"We used to go and swim and at the same time, take a shower," he says, like killing two birds with one stone...or taunting several birds with one sausage casing.
Papa and the boys used to inflate sausage casings like balloons and tie them to birds' tail feathers, making the other birds think it was something to eat. In mid-flight, flocks of birds would fight each other in the sky for a taste of the victim bird's tail-end treat. The boys would watch them and laugh at their mischievous antics for hours, sparing themselves from boredom for quite some time. Those antics gave a completely new meaning to "air combat." We laugh like hyenas as Mama tells the story Papa almost neglected to mention.
I ask him to share more memories of his childhood, because he really didn't have much of one. He recalls a holiday party at his elementary school when he was around five or six years old. Papa was excited to find that there were ice cubes floating in the refreshments. He gulped down his drink, snatched the ice cubes and ran home from school, ecstatic to save the rare treasures for the next day. The only problem was that he put them away in his mother's dresser drawer, only, to his dismay, to find a puddle of water and a pile of ruined makeup the following morning. Laughter overcomes us once again because a story like that would be so silly now, but 70-summat years ago, ice cubes were non-existent to a significant number of people.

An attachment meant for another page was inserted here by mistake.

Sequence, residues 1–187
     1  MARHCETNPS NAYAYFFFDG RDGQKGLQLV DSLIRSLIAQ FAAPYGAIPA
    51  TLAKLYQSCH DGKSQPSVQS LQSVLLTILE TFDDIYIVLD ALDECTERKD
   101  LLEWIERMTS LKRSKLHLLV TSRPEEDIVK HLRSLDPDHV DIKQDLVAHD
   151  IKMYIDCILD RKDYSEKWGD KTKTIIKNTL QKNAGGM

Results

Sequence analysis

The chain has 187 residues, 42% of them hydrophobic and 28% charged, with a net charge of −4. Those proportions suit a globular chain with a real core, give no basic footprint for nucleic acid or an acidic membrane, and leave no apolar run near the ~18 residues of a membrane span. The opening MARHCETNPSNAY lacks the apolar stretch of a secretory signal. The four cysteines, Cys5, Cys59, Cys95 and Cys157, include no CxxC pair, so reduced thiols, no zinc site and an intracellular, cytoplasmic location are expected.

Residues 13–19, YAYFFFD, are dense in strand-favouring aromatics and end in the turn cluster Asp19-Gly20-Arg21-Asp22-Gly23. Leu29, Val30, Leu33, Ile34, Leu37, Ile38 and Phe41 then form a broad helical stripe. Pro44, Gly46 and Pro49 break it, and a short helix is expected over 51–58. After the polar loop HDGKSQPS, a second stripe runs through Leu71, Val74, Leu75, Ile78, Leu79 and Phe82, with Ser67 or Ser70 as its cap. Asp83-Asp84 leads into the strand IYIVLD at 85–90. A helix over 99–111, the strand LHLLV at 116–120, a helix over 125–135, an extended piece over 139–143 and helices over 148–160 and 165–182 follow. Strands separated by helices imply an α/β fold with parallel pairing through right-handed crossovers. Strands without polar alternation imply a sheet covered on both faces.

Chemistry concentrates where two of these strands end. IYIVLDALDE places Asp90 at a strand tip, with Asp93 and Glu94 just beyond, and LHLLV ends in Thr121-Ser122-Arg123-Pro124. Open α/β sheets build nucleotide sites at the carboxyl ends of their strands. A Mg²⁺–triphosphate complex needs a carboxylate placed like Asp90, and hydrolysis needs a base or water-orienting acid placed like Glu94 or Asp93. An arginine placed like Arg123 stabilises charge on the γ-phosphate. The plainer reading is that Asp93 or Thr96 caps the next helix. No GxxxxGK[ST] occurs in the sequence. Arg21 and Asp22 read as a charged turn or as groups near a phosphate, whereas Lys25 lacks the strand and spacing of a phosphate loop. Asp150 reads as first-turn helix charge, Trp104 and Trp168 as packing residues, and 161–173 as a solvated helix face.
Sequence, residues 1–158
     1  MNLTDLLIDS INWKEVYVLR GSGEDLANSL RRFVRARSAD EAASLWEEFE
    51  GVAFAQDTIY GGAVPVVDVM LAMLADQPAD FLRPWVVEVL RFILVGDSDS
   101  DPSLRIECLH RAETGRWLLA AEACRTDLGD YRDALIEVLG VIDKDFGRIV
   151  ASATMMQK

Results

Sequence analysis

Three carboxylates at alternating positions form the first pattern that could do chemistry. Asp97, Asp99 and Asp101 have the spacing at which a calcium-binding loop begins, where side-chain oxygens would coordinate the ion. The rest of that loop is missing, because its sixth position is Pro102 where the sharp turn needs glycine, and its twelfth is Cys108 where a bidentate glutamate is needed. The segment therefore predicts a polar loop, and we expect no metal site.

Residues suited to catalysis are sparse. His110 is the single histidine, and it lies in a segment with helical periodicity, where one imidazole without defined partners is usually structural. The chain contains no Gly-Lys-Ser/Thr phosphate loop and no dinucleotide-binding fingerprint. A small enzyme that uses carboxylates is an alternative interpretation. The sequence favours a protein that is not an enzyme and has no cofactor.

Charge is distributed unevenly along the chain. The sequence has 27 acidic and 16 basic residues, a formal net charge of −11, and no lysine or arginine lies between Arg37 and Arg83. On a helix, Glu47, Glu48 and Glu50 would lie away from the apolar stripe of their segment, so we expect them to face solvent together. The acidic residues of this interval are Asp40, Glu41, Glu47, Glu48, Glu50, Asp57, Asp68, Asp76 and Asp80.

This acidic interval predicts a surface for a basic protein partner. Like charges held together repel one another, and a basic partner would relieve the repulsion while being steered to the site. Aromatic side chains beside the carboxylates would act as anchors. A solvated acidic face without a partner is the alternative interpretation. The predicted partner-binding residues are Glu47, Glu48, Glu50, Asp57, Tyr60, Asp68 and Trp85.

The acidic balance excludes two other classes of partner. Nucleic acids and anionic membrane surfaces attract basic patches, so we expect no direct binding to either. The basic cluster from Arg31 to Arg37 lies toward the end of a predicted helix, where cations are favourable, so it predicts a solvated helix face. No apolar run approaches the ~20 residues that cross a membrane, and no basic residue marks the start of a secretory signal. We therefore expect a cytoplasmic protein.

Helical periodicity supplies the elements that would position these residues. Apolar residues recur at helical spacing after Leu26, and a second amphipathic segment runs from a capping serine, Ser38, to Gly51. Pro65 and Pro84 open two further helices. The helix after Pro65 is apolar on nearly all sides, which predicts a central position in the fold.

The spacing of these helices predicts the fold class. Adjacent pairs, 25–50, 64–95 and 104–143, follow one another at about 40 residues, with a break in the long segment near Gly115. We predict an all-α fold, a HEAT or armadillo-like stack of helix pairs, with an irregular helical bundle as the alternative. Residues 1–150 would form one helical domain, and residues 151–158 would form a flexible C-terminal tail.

As I write this, I take a sip of my Arizona iced tea, only to find that it's at room temperature after having been sitting on my desk for an hour. The condensation that formed on my glass has traveled down to the coaster to form a ring-shaped pool. As I go to the kitchen to grab the ice tray and drop a few cubes in my glass to chill my beverage, I chuckle to myself and think of this story. Boy, am I spoiled or what?
It gets quiet for a second after our laughter ceases.
"Tell her what time you woke up!" Mama says.
"There were two different seasons for that," Papa explains.
In the summertime, he and his brothers worked on the sugarcane plantations, slaving away while cutting crops to send to factories that would be processed into sugar. Papa began working at just seven years old, forcing him to drop out of school to assist his growing family.
"We get up at three in the morning, we start to work and we keep working 'til seven o'clock in the night," he says. "So we only sleep a few hours and then we have no time to take a shower everyday. We only do that Sunday afternoon."
"Only once a week!?," I exclaim.
"Only once a week," he says as-a-matter-of-factly.
"You guys must've been stinky!" I laugh.
"...You don't [notice] that because everybody was the same," Papa replies.